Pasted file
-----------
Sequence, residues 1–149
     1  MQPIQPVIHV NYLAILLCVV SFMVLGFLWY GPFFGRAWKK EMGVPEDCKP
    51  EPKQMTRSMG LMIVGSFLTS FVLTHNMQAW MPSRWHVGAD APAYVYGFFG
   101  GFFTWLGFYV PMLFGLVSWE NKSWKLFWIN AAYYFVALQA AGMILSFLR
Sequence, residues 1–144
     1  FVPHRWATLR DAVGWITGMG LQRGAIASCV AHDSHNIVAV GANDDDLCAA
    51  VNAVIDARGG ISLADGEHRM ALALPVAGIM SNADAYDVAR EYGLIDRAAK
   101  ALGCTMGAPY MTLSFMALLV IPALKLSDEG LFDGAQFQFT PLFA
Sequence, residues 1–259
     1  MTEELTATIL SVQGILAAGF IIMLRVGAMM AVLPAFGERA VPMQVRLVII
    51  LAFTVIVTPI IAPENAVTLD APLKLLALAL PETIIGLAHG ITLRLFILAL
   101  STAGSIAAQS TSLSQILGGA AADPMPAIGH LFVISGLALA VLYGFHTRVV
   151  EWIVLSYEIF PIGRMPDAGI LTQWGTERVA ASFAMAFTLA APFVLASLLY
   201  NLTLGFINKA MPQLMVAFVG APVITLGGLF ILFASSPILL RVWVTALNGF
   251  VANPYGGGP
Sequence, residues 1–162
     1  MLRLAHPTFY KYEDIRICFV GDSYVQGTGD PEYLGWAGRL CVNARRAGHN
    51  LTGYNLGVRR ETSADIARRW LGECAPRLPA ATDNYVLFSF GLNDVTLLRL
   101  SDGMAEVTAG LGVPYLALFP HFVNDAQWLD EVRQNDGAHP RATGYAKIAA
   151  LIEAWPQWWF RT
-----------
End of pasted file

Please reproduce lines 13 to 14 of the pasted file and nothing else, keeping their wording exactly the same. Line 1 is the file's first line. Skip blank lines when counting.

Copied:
   151  EWIVLSYEIF PIGRMPDAGI LTQWGTERVA ASFAMAFTLA APFVLASLLY
   201  NLTLGFINKA MPQLMVAFVG APVITLGGLF ILFASSPILL RVWVTALNGF